For those of you that don’t know, phishing is the activity of defrauding an online account holder of financial information by posing as a legitimate company. Last year, I almost fell for a phishing attempt by someone claiming to be an IRS employee.
I’ve held a variety of roles in Information Security and you’d think I would try to hide the fact that I almost fell for a phone-based scam. However, I think my story can help others so I’ve decided to share it on my blog. Also, it’s not like I’m the only IT Security professional to almost fall for a phishing attempt. Chris Hadnagy literally wrote the book on Social Engineering/Phishing and has been tricked by a an Amazon phish.
At the time I first was contacted by a fake IRS employee, I was in the middle of a legitimate dispute with the IRS over a tuition deduction from a few years prior. I working from home and randomly received a call from a number in Cincinnati from someone claiming to be an IRS employee. I knew that the IRS had an office in Cincinnati and despite the fact that all of my prior correspondence related to my aforementioned dispute had been written, I didn’t think it was out of the realm of possibility that someone from the IRS would call me.
The “employee” began the call by stating that I was going to be taken to court over unpaid taxes. The caller gave me a case number and knew enough about the inner workings of the IRS to sound legitimate. It didn’t make any sense to me why I would suddenly be taken to court when my last document submission was mailed several months before the stated deadline. This should have been my first clue that the call was not legitimate. Unfortunately, due to the fact I was actually worried about my legitimate issue with the IRS, my guard was down.
I was obviously distraught at this point. If my dispute went to court, I would possibly spend more on legal fees and accountants than I actually owed to the IRS. Even though I knew I did nothing wrong, the idea of a settlement went through my head while the caller discussed the issues. However, I wanted to make sure that my accountant was involved in the final decision.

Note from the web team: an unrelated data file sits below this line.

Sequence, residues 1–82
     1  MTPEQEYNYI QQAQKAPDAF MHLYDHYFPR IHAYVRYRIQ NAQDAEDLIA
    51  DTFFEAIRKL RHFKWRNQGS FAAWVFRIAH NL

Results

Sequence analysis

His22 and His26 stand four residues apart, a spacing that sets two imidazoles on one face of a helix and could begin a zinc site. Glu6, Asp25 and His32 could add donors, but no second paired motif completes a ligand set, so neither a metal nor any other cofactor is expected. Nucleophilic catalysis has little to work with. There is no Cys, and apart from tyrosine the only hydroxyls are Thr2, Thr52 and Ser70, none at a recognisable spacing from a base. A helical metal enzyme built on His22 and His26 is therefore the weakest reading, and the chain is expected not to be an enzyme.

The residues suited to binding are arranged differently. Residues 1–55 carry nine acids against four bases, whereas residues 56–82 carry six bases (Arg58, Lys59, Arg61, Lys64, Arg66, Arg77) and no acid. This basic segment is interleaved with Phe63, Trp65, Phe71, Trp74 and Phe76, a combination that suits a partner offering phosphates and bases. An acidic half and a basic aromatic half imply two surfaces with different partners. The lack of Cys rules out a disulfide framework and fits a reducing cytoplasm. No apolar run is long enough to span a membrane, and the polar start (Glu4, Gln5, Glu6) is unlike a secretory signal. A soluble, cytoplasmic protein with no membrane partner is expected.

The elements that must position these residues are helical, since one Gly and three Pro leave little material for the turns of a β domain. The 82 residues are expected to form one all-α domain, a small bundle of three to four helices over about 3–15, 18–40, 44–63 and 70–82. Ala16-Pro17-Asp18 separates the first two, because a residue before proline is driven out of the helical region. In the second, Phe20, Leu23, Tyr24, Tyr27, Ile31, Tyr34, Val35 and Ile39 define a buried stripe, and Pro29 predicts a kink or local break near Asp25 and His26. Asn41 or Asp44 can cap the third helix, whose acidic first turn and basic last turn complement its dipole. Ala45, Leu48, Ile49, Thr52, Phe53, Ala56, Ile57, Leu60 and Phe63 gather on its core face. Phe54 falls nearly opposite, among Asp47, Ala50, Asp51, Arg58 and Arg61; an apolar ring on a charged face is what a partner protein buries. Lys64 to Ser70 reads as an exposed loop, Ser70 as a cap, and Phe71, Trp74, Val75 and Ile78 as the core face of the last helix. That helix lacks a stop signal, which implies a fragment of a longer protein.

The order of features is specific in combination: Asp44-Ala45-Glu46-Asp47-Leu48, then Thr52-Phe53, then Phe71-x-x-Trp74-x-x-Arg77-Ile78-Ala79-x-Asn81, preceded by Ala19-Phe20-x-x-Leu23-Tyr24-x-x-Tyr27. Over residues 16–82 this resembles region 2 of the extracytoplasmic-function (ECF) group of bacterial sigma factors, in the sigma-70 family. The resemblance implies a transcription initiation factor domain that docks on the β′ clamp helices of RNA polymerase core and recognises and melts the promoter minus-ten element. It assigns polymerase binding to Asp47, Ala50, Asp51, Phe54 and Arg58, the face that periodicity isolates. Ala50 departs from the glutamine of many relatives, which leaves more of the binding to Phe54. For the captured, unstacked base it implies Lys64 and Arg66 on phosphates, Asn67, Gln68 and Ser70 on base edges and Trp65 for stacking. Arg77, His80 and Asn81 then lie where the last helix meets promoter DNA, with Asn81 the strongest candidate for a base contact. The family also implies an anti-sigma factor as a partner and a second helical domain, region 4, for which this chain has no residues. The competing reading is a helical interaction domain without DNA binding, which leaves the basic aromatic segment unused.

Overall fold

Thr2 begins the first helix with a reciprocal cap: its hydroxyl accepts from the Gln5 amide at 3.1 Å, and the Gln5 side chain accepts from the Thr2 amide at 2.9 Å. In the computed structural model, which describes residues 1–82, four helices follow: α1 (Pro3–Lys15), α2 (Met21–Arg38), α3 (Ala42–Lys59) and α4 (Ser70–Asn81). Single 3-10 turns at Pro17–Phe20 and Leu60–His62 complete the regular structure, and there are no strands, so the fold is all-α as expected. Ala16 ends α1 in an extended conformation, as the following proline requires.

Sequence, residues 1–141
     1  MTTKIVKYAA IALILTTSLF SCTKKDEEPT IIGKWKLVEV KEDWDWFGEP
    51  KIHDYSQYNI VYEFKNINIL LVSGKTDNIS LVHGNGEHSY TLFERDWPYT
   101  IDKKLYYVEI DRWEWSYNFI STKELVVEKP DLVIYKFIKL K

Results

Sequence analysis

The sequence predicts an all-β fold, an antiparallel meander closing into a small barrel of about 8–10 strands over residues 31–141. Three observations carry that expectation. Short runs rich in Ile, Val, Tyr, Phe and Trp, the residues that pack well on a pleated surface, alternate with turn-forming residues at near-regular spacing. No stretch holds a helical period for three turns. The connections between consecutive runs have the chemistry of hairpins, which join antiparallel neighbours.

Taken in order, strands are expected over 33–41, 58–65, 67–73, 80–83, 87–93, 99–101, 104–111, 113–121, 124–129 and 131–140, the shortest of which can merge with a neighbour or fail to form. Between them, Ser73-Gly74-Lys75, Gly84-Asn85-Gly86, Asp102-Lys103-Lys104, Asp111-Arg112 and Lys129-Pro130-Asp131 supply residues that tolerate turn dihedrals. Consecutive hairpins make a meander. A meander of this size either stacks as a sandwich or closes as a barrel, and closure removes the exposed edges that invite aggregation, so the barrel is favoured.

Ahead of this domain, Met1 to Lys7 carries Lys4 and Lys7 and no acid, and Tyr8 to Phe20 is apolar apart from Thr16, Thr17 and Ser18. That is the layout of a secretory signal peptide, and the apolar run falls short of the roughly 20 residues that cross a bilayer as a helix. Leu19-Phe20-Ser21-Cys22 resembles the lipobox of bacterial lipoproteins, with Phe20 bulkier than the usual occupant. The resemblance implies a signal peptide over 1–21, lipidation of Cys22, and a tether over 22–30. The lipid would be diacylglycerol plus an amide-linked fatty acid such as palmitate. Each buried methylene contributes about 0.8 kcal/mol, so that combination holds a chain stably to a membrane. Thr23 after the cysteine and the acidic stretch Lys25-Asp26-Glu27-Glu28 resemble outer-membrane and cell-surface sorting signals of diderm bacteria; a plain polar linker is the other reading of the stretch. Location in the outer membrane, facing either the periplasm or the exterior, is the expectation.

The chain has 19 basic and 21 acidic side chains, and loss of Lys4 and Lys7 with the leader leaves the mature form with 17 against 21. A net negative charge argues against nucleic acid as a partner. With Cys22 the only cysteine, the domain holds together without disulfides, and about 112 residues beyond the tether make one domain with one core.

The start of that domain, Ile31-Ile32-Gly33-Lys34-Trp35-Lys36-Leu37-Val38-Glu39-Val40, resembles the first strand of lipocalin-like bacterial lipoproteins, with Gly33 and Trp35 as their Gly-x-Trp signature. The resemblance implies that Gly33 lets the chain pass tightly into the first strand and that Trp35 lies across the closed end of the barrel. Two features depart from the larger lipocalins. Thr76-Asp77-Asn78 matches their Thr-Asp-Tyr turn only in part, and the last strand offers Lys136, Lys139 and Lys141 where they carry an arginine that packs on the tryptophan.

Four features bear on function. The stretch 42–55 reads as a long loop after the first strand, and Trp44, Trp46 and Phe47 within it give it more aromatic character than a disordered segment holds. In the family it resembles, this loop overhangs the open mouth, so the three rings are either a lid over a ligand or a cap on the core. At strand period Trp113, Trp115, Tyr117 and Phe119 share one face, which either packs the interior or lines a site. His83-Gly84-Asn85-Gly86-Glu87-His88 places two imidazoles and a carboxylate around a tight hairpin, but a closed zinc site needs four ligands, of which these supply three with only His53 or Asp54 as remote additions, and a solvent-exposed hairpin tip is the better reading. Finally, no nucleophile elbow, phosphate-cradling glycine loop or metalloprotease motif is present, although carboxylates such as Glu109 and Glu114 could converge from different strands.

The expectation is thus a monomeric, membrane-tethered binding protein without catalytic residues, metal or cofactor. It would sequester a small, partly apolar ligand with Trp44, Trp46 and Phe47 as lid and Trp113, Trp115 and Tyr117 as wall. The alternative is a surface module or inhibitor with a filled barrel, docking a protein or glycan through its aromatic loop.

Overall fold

The “employee” let me know that I could avoid court and the associated fees by simply settling over the phone. It was if they could read my mind. I let them know that I wanted to consult my accountant and a few family members with deeper knowledge of tax law before making a final decision. The caller started to get very impatient at this point.
I started to get more of a sense that this call was fake. I eventually asked the “employee” to provide me with a publicly posted phone number for their office. I wanted to call a validated phone number to confirm that I was speaking with an actual IRS employee. I felt that this was a completely reasonable request.
The scammer became enraged, they told me that if I hung up the phone that they would issue an arrest warrant. They demanded that I drive straight to the bank while leaving them on speaker phone. They wanted me to wire them money to a specific account. I was now 100% confident that I was being phished.
If this ever happens to you, this is the point where you should just hang up and report the incident. However, I decided to have a little fun. I decided to keep the scammer on the phone for around 30 minutes while I “drove” to the bank to wire them the money. In reality, I was just sitting at my desk listening to music and catching up on email. I asked them for the account number and routing number so I could “wire” them the money. Armed with that information, I placed the scammer on hold and called the Ohio Attorney General’s office. I filled out a form to inform the IRS as well.
After providing the Ohio Attorney General’s Office and IRS with the details, I hung up on the scammer. They called me back about a dozen times in rapid succession before moving on to their next attempted victim. I’m now almost certain this fraud attempt originated from India where dozens of people were arrested for operating entire call centers filled with fake IRS agents. A few weeks later, I received a letter from the IRS stating that my dispute had been resolved based on the documentation that I provided and I no longer owed any money.
- The IRS has an entire webpage devoted to validating communications received by their employees. The page also has information for reporting phishing attempts.
- The IRS will never…
- Call to demand immediate payment, nor will they call about taxes owed without first having mailed a bill.
- Demand that you pay taxes without giving you the opportunity to question or appeal the amount they say you owe.
- Require you to use a specific payment method for your taxes, such as a prepaid debit card.
- Ask for credit or debit card numbers over the phone.
- Threaten to bring in local police or other law-enforcement groups to have you arrested for not paying.